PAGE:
Slavonian Grebes, Podiceps auritus, are a regular visitor to our shores albeit in small numbers. In total there are about 1100 birds each year but this only yields between 39-43 pairs. Because of this they are classified as ‘amber status’ by the RSPB.
One of the best spots to see this delightful bird is Loch Ruthven in the Highlands of Scotland, which is approximately 16 miles SW of Inverness. A short walk of about 500 meters takes you along the loch side to a viewing hide where you have a good chance of viewing the grebes.
We were fortunate enough to visit in good weather in spring 2012 (remember when spring could be sunny)? Skylarks and meadow pipits were singing and the paths were crawling with toads. The usual suspects were around and we also had good sightings of a pair of reed buntings from the hide. There was a distant diver, but too far away to positively ID.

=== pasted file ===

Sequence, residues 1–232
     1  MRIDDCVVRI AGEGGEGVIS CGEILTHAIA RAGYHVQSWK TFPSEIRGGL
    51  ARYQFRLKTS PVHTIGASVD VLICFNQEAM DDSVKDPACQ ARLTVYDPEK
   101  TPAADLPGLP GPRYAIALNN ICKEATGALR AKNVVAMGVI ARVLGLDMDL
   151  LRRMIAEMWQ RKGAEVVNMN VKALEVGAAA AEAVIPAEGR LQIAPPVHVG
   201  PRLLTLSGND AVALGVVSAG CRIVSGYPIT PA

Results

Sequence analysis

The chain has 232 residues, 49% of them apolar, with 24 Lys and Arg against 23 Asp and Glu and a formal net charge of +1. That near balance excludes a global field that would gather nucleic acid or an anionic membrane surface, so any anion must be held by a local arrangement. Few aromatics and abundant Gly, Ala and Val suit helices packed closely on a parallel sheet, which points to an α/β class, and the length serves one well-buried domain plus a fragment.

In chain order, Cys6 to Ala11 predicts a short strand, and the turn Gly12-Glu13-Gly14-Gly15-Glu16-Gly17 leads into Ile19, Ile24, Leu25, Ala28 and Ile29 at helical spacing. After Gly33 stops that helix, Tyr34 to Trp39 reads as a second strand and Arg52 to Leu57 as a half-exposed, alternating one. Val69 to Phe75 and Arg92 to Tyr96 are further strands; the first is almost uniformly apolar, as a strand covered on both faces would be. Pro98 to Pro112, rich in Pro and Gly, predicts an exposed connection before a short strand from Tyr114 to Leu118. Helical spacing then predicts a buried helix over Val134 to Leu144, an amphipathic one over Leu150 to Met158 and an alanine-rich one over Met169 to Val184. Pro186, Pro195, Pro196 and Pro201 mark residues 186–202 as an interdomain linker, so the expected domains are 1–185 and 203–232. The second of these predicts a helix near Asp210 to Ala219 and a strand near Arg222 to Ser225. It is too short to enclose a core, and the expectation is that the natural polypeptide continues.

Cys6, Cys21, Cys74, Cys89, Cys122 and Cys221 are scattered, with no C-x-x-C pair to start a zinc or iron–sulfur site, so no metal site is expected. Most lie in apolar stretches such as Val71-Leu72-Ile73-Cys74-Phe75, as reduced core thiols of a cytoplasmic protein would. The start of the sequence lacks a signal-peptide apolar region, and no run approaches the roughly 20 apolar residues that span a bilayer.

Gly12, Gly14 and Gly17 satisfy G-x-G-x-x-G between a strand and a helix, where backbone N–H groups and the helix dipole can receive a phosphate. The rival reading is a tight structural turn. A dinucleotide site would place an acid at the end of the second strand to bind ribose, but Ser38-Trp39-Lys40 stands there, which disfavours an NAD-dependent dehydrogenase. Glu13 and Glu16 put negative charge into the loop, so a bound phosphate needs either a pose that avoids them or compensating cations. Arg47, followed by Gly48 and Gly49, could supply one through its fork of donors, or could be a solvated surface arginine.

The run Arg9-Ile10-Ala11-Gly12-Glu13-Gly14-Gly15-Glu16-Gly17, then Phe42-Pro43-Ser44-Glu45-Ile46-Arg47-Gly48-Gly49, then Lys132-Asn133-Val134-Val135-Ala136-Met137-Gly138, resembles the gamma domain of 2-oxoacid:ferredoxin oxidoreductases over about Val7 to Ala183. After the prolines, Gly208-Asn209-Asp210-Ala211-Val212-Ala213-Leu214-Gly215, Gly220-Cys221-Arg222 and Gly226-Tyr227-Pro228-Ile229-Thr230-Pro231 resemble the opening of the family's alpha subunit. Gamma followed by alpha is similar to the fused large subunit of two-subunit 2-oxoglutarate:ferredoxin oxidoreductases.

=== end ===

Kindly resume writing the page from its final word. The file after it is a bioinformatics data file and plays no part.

From the hide we had a good thirty minutes of Slavonian interaction with a dabchick, and the pair appeared quite territorial when the little grebe, Tachybaptus ruficollis got too close.
The grebes themselves are one of the most delightful birds when in breeding plumage; a bronze body, dark head and wings and golden ear tufts which have also earned itself the name of horned grebe. The most spectacular thing about them is there mating ritual which involves the pair of birds rising out of the water whilst facing one another and then mirroring one another’s movements. Something I have yet to witness but am hoping to photograph one day.
There are no facilities at this small reserve except for a car park. The walking trails are well managed and the hide was in a good location and not to far away from the birds. The loch itself is large so I guess you have to be lucky to have the grebes performing in front of the hide for you. Other star species are osprey, curlew, black and red throated divers.
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